No surprise indeed. A company with a “culture” for being the absolute lowest common denominator.

        Total C..**ough** unts

    1. Mister Mister

      You mean you take what the says with a pinch of salt ? It’s the last bastion of truth and honour.

  2. scottser

    i’d like to see the wording of that order, and whether the court would enact it. i doubt it somehow..

  3. Gers

    Cant see a problem with this. The workers (if they even qualify at that name) are the ones doing something they should not, not the other way around. Go Michael!

    1. munkifisht

      Ignoramus. I won’t even try and explain how, in so many ways, your views are so warped it’s incomprehensible.

    2. SOMK

      Have to say some pretty good lefty bating there.

      “Cant see a problem with this” Clearly written to provoke a response where people explain exactly what they’re problem is with it (even though it’s pretty obvious).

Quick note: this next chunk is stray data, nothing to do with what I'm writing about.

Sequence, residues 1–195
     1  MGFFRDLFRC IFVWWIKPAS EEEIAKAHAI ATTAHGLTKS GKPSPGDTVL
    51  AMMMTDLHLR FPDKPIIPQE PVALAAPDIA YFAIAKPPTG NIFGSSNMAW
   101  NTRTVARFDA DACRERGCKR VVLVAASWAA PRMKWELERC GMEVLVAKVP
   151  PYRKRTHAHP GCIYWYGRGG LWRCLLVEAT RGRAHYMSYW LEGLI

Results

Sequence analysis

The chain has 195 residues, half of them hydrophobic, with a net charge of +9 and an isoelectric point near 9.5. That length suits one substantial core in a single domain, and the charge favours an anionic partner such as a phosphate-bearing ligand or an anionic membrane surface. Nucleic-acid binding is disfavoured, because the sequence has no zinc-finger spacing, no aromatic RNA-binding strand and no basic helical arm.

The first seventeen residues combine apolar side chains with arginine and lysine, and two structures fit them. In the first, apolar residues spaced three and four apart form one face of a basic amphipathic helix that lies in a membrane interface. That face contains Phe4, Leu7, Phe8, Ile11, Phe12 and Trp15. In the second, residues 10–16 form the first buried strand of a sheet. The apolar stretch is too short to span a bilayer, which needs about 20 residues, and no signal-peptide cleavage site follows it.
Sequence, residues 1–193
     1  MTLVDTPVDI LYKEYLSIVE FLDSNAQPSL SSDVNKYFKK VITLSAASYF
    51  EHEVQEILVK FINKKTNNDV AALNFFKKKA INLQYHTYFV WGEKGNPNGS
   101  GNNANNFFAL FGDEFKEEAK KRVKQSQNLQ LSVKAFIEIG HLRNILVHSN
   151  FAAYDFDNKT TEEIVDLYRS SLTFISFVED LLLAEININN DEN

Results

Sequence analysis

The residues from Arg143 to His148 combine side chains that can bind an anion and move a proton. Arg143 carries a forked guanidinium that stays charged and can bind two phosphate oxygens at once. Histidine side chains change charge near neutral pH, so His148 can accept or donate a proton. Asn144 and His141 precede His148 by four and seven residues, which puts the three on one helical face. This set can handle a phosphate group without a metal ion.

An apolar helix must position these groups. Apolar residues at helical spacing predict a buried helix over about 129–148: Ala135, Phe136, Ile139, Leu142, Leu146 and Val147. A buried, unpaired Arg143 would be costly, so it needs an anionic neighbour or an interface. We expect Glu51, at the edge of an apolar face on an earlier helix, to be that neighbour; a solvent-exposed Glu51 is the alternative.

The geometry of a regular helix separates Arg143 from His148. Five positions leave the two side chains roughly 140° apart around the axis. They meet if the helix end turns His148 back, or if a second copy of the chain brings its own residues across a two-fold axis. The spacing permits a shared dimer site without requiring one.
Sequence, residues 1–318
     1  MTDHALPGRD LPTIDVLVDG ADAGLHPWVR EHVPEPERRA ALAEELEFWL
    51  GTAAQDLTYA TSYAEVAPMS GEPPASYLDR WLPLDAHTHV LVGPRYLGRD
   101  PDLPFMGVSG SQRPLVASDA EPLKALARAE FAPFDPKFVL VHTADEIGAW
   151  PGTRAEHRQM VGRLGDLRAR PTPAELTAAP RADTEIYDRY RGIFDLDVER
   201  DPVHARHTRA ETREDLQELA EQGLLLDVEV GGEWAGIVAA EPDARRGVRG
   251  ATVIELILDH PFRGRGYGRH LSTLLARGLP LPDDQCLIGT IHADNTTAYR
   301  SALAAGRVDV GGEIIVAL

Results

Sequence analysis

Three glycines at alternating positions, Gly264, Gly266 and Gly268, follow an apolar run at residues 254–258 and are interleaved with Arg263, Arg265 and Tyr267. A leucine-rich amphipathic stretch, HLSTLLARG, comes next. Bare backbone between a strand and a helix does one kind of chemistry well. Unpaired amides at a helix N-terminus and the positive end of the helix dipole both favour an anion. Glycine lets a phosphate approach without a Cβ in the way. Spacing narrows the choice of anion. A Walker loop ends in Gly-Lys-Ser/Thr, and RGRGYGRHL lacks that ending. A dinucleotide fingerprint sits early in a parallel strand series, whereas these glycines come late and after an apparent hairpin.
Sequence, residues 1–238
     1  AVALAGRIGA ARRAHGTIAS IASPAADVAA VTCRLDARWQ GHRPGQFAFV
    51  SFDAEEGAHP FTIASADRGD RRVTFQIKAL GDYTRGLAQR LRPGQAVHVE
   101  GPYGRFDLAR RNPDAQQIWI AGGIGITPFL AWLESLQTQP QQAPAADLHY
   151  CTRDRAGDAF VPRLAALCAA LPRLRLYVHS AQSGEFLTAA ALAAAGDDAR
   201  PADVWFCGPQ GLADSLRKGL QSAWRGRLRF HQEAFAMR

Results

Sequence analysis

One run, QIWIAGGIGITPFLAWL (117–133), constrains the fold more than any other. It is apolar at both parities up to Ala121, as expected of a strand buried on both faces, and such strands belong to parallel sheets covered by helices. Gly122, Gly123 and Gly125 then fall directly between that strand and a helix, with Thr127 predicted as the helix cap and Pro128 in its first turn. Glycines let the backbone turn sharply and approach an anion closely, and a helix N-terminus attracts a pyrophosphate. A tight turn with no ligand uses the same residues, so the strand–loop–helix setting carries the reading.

“The workers (if they even qualify at that name)”

      Brilliant! Super provacative in that subtly dehumanises people who’s humanising characteristic is that they’re workers (for example if someone is introduces themselves as a teacher and someone responds to that saying “you are not really a teacher”, you’re essentially denying them their point of identity (which is why if you were to do this in real life the response would most likely be an incredulous “of course I’m a f***ing teacher”), it’s a spectacularly provacative thing to say in real life, as the offense caused by essentially questioning someone’s authenticity is quite high and liable to lead to violent confrontation, this tactic work best with people of low status, (which suits the right just fine, being as it is the political wing of the establishment (aristocracy, church,big business etc.)), if someone introduces themselves as a doctor for example and you were to pull the same trick they wouldn’t react as the teacher because their status is secure and instead they’d probably just look at you like you’re a massive, massive, idiot) also added bonus in that it implies laziness/immorality and of course deligitimises the whole idea of collective bargaining too.